A young woman had just given birth to a baby. After the required 6 week waiting period, she again attended church, this time with her baby. In between the lesson study and the 11 o'clock hour, there was an opportunity for the congregation to meet and greet each other. The members were so pleased to see the mother and her baby, that they flocked to her side. All too soon, the call to be seated for the 11 o'clock hour was given, and the service began. But within just a few minutes, the once contented baby began to cry. His mother, however, was not alarmed, for this was the baby's scheduled meal time. Pulling his blanket out of the diaper bag, she carefully placed it over her shoulder, arm, and baby. With her free hand, she cautiously and discreetly prepared herself to feed him. In just a few minutes, the baby was fed, burped and placed in his seat. Pulling out a notepad, and pen, the mother began to write as she glanced at her watch. "How curious," thought the pastor, as he observed her unusual behavior. Not wanting to be distracted, he did not continue to look in
her direction. 

At the end of the service, the pastor, as was his custom, positioned himself by the main door to greet the departing congregation. Seeing the young mother approach, the pastor hoped he'd be able to discretely ask what she been writing. Quietly, he asked her how she and the baby were doing. Not quite satisfied with her answer, the pastor then queried her as to her note taking in church. "Oh," she responded, "I'm keeping an account as to how much milk the baby drinks and how long he feeds." "What
ever for?" questioned the pastor now thoroughly intrigued. "Well," she answered, "I intend to bill him when he grows up." Thinking that she was joking, the pastor laughed. She however remained serious, and added, "I have worked out a formula whereby I can calculate how much he will owe me for the next few years of breast feeding, as well as wear and tear." "At the rate he's going, he already owes me a few thousand dollars." "I'm actually planning to add interest, but since he's my son, I want to keep the rate low, so I haven't decided how much, but I do know that it will be compounded, after all, I think it's only fair, don't you?" Speechless, the pastor stood there in amazement, his mouth open. The young mother, taking that as her opportunity said, "goodbye, I'll be back next week." And with that she left.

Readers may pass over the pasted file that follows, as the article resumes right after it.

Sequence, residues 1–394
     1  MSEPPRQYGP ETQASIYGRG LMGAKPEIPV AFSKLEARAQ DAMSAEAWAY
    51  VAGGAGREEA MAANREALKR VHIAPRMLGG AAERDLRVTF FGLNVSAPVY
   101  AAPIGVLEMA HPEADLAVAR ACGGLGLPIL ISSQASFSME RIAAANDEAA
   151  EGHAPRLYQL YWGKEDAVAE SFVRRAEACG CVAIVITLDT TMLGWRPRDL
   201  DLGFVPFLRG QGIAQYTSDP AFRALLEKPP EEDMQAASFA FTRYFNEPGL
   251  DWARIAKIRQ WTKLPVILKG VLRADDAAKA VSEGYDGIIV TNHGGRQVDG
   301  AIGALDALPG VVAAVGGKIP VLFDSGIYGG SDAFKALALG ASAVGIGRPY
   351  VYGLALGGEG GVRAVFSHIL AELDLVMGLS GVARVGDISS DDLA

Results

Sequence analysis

"Preposterous!" you say. "How can a mother be so ridiculous as to bill her baby for services of love that should be free?" "How could she even think to charge him interest, after all he didn't ask to be born." Say this, and you'd be right. That young woman's actions should be considered outrageous. And if she actually goes through with her plan, it would be scandalous. How, we wonder, could anyone be so foolish as to think that it is good to sell something as a commodity which was received freely. It may be profitable, yes, but good? No way.

The Jewish priests in Jesus time were selling to the people, that which should have been given to them free of charge. This was especially true of the animals slated for the sanctuary service. Why? Because, the animal sacrifices and the gift of salvation had literally been given to them of God by grace. Sister White says,

What was it that He saw as He looked upon that temple court converted into a place of merchandise? They were selling oxen and sheep and doves to those who would offer a sacrifice to God for their sins. There were many poor among the multitude, and they had been taught that in order to have their sins forgiven, they must have an offering and a sacrifice to present to God. Christ saw the poor, and the distressed, and the afflicted, in trouble and dismay, because they had not sufficient to purchase even a dove for an offering. The blind, the lame, the deaf, the afflicted, longed to present an offering for their sins, but the prices were so exorbitant they could not compass it. It seemed that there was no chance for them to have their sins pardoned. They knew that they were sinners, and needed an offering, but how could they obtain it? (E. G. white Notes, page 59).